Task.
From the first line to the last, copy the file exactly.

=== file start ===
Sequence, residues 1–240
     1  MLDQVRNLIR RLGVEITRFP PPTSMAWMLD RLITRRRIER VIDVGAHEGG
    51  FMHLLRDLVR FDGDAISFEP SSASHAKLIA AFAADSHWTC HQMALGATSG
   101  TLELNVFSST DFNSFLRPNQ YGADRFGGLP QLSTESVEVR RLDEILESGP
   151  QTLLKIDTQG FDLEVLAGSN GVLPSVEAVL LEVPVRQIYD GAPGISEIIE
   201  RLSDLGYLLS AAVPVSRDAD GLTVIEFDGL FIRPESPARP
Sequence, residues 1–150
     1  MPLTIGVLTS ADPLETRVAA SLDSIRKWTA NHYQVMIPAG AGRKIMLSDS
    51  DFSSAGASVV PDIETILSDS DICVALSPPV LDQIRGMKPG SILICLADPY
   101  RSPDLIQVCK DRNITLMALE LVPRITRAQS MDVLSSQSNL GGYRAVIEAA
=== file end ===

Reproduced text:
Sequence, residues 1–240
     1  MLDQVRNLIR RLGVEITRFP PPTSMAWMLD RLITRRRIER VIDVGAHEGG
    51  FMHLLRDLVR FDGDAISFEP SSASHAKLIA AFAADSHWTC HQMALGATSG
   101  TLELNVFSST DFNSFLRPNQ YGADRFGGLP QLSTESVEVR RLDEILESGP
   151  QTLLKIDTQG FDLEVLAGSN GVLPSVEAVL LEVPVRQIYD GAPGISEIIE
   201  RLSDLGYLLS AAVPVSRDAD GLTVIEFDGL FIRPESPARP
Sequence, residues 1–150
     1  MPLTIGVLTS ADPLETRVAA SLDSIRKWTA NHYQVMIPAG AGRKIMLSDS
    51  DFSSAGASVV PDIETILSDS DICVALSPPV LDQIRGMKPG SILICLADPY
   101  RSPDLIQVCK DRNITLMALE LVPRITRAQS MDVLSSQSNL GGYRAVIEAA